In a time of great changes in the Bronx and all over the city, when artists are referred to as “shock troops” for gentrification, and some artists are questioning the validity of having to provide “socially engaged” art to communities to be considered for public grants, John Ahearn’s career serves as a model of how art and community can co-exist and each be elevated. – Laura James

l-Round 2 of casting Bio with John Ahearn and Kevin at The Point Photo: @biotatscru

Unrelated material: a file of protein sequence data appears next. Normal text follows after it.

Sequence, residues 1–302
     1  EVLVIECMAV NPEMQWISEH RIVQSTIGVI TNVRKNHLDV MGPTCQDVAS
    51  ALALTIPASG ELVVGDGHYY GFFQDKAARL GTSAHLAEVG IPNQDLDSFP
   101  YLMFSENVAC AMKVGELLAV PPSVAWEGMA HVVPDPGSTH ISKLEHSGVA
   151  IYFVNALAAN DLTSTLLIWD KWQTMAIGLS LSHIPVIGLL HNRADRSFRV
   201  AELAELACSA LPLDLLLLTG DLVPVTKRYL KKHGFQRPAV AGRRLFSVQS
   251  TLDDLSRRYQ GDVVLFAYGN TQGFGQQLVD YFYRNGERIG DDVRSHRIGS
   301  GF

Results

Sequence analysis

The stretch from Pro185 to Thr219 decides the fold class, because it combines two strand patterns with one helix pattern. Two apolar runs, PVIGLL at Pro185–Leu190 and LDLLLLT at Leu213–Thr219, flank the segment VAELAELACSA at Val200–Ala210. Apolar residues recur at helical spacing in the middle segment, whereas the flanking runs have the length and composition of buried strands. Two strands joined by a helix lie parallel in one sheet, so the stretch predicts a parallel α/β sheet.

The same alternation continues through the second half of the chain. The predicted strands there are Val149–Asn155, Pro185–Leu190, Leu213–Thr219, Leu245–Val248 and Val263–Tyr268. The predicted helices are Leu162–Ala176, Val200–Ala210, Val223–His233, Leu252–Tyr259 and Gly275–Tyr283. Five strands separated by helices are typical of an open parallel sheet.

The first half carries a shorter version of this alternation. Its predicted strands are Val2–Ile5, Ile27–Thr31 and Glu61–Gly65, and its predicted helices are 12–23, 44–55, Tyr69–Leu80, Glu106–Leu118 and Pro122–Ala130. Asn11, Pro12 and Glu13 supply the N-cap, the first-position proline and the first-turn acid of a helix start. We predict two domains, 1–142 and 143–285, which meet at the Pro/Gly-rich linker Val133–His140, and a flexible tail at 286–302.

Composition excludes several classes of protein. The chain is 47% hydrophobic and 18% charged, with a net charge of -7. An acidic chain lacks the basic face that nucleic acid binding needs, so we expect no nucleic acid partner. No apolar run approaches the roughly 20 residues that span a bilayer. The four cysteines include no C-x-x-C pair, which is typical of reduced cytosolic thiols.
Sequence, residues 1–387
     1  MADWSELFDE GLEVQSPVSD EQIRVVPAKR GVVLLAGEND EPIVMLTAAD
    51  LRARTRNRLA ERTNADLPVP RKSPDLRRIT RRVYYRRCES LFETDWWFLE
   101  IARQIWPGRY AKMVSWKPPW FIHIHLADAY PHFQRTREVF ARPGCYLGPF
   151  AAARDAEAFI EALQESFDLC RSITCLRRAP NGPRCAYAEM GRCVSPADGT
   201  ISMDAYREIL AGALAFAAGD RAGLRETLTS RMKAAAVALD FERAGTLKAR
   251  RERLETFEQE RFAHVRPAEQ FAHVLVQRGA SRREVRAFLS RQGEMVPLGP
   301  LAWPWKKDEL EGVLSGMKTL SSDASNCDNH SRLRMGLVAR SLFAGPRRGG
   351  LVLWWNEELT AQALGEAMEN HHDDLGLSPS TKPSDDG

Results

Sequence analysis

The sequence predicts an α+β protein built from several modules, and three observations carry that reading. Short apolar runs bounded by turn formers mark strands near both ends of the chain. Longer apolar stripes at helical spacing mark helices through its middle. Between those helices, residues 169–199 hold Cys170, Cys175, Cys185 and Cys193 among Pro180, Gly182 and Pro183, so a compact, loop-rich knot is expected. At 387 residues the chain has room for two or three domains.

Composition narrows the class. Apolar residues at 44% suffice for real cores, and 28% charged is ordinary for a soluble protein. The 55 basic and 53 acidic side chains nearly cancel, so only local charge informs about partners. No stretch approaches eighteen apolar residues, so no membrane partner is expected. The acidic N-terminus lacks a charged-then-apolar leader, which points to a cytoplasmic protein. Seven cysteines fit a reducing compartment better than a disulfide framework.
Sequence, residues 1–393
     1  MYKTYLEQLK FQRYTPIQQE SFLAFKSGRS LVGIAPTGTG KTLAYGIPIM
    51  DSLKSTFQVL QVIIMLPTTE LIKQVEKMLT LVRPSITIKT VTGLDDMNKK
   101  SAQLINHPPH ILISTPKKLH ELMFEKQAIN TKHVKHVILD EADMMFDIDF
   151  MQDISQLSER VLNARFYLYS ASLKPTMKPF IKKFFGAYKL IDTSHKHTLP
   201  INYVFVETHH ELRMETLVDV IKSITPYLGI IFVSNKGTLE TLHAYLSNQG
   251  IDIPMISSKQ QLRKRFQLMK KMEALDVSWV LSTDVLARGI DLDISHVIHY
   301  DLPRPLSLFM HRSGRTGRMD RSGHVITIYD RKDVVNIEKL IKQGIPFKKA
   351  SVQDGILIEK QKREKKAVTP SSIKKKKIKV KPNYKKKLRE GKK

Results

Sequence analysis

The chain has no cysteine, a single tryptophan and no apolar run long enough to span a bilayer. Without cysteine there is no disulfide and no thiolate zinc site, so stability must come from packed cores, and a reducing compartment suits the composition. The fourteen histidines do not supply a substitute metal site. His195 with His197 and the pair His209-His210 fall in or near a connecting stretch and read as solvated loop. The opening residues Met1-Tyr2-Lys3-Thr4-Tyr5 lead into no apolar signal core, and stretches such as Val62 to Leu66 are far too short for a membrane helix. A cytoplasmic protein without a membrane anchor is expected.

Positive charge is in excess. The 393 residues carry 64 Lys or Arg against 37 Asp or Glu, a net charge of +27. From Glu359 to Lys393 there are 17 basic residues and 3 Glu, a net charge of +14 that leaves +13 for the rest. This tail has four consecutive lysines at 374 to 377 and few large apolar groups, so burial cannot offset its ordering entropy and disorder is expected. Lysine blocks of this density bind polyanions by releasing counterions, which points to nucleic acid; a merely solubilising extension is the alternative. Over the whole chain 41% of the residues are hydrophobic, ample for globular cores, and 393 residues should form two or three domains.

r- John Ahern talking about his process of bringing the Bio casting to life, at The Point Photo: Danny R Peralta

John Ahearn, Alejandra Delphin finished cast, The Point Photo: @alejandradefin


Frieze Projects, “John Ahearn and Cecelia Alemani in Conversation” John Ahearn, South Bronx Hall of Fame- 2012


Hear John speak and see him at work at the links below:

JOHN AHEARN & RIGOBERTO TORRES: Art with the Community Interviewed by Paul Tschinkel, 2000

John Ahearn at work, 2007

A Blade of Grass Fellowship Workshop with John Ahearn, Part 1, 2013

John Ahearn: Castings At New York’s Frieze Art Fair, 2012

Bronx Museum Teen Council interviews John Ahearn, 2015